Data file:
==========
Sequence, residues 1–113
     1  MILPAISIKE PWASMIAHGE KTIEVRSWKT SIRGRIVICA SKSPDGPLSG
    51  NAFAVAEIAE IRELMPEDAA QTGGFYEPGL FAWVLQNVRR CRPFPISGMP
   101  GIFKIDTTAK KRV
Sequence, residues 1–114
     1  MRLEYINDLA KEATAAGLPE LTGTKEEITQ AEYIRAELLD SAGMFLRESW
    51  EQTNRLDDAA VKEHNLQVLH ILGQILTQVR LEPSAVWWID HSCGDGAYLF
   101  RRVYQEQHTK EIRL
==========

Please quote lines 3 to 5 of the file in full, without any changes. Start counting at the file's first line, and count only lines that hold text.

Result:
    51  NAFAVAEIAE IRELMPEDAA QTGGFYEPGL FAWVLQNVRR CRPFPISGMP
   101  GIFKIDTTAK KRV
Sequence, residues 1–114